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Managing a Family Member’s Deployment

Published on: December 4, 2013  

Managing a Family Member’s Deployment

Military life is stressful for all members of the family but it can be a big source of psychological stress for children. Multiple deployments and frequent moves is a reality for many children in military families and these things can take their toll. Military children have experienced emotional and behavioral difficulties at rates above national average. When a family member deploys, many changes in a child’s behavior can occur such as a difference in school performance, lashing out in anger, worrying, hiding emotions, feeling a sense of loss, and displaying symptoms consistent with Depression.

Family dynamics change when a parent deploys. Routines change and the mood of the parent at home changes. So much change can be overwhelming for a child so it’s important to do what you can to support your child during this difficult time. Below are some different things you can do as parent/caregivers to help you and your family get through this challenging time.

Consistency and Routine Children can become insecure because of all the uncertainties regarding deployment so providing a daily routine is important to give your family needed structure.

Good CommunicationKids will often have questions about the deployment. So be honest and provide as much information as appropriate when answering their questions. Let them know you are always available to talk to when needed.

Attention and Fun Plan special events and start new hobbies. With one parent gone, often the other parent might be busy or stressed causing a child to feel neglected. Doing fun activities with your child and regularly spending time together is important in helping the child feel loved.

Provide Reassurance Deployment can bring a sense of a loss of control and stability so reassuring your child that you love them and that you will get through the deployment together will help relieve their anxiety. Also, with so many emotions be prepared to reassure your child that their feelings are important.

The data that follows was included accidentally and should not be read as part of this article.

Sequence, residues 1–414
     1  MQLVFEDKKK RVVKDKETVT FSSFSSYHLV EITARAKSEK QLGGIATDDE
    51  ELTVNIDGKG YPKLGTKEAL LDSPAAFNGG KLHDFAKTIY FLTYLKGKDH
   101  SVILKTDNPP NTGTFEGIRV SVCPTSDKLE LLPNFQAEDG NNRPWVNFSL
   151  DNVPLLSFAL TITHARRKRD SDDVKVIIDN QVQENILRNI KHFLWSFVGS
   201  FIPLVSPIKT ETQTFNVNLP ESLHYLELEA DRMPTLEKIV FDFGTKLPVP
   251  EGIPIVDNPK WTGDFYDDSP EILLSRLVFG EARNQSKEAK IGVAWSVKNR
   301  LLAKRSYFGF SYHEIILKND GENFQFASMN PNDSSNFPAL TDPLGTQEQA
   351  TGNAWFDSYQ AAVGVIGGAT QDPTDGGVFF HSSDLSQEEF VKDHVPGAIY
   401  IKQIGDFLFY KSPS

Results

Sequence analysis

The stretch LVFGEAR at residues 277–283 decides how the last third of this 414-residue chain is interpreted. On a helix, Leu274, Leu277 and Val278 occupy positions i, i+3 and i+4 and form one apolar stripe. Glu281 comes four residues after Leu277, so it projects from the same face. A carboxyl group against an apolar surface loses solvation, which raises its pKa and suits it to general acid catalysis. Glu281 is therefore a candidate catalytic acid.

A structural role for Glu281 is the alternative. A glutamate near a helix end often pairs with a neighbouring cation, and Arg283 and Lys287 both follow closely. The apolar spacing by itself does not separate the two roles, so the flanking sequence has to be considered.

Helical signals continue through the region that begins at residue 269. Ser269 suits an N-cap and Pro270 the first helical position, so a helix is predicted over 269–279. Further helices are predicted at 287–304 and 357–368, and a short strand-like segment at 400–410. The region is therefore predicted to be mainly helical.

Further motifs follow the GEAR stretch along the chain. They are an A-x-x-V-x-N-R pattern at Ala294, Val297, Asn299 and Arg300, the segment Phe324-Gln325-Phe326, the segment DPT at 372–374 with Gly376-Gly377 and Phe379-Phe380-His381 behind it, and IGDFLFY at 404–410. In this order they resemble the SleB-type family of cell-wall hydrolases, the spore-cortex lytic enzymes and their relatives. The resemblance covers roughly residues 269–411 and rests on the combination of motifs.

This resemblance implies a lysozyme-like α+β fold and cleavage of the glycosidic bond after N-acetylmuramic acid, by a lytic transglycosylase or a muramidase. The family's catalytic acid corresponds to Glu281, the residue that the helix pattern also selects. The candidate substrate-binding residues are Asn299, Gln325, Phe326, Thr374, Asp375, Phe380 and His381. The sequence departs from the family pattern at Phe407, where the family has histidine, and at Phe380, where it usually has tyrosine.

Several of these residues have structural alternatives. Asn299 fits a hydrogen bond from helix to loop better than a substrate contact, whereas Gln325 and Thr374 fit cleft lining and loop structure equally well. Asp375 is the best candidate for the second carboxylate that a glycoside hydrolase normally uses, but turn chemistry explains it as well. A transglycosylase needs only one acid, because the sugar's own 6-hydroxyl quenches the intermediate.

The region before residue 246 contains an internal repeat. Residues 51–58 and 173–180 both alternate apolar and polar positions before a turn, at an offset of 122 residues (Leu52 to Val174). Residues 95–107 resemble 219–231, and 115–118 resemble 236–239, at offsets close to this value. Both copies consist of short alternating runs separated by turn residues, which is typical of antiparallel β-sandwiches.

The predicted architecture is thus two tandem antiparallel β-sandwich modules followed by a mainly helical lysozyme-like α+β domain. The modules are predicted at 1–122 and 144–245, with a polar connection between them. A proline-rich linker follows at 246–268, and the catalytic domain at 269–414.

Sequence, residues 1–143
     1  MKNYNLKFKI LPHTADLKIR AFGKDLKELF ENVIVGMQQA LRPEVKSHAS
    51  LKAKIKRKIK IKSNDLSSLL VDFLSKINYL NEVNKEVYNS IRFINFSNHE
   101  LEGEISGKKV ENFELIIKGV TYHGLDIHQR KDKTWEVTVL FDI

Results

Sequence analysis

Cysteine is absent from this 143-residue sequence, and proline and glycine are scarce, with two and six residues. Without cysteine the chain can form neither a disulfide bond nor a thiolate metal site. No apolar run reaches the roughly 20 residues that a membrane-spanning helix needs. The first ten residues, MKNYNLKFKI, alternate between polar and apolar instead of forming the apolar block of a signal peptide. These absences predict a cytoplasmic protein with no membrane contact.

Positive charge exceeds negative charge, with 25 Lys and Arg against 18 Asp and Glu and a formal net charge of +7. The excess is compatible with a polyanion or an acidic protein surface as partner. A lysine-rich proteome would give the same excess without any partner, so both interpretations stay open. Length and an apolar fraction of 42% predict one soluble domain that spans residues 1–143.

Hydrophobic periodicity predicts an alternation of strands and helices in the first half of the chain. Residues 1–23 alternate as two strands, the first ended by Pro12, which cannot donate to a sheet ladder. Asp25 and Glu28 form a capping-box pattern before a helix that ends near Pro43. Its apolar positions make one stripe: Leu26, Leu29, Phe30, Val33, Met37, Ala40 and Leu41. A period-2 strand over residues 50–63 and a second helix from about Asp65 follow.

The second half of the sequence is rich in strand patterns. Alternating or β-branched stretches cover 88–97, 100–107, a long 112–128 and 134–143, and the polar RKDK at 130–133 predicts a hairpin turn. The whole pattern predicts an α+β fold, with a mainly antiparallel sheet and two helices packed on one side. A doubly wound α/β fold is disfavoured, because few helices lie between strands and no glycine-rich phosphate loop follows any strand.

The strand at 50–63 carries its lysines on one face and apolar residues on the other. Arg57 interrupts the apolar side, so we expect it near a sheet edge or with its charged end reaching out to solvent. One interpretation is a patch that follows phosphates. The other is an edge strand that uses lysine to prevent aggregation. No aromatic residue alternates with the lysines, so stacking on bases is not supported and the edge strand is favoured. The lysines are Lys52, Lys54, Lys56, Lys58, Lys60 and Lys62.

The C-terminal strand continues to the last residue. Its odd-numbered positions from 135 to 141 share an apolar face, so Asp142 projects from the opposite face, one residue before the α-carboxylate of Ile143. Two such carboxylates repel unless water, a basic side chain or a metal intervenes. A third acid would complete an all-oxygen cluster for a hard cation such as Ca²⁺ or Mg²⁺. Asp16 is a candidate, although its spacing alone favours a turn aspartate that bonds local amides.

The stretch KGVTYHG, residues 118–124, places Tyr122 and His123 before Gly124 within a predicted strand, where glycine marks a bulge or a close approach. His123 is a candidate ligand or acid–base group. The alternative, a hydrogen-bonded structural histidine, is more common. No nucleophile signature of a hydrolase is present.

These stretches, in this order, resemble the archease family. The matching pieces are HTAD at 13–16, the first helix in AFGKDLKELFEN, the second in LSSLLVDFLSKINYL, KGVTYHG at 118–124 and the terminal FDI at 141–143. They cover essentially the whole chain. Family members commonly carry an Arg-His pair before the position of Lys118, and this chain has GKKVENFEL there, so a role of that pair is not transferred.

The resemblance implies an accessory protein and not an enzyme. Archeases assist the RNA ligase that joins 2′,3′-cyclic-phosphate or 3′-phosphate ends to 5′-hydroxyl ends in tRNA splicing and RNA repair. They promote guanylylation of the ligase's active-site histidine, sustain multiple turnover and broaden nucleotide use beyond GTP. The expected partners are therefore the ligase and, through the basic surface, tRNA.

Let Them Be a Kid Do not discuss your fears in depth with your child and do not give them too many extra responsibilities. They should have time to play, be worry free, and be like other kids their own age.

Good Behavior Plan Misbehavior during deployment can be a result of negative feelings so it make sure to set limits and have consequences for bad behavior.

Physical and Emotional Expressions of Love Hugs, kisses, high-fives and “I love you” will help a child feel secure and loved during this tough time

Talk to the Absent Parent Keeping in touch with the absent parent helps in maintaining that relationships and keeps them involved and updated on the family happenings.

Have Resources Available Teens are more independent and sometimes want to seek help for dealing with the deployment on their own so keep lists of hotlines, mental health professionals, and guidance counselors around.

Ways for Kids and Teens to Deal with Emotional Stress:

  • Write poetry and stories
  • Practice relation techniques
  • Exercise
  • Listen to music
  • Do art activities
  • Start a new hobby or take up a new sport
  • Find a military children support group
  • Share your feelings with your parent
  • Write letters and emails to your absent parent to share what’s going on in your life

Please visit the Resources page on our website for more information about many behavior health issues including resources or family members on Deployment and Reunification. If your child is having difficulty adjusting to a parent or family member being away or are new to the area please give us a call – we’re here to help!

Very Respectfully,

Gyro Psychology Services

Lacey, Washington

360.236.0206

866.616.GYRO (4976)

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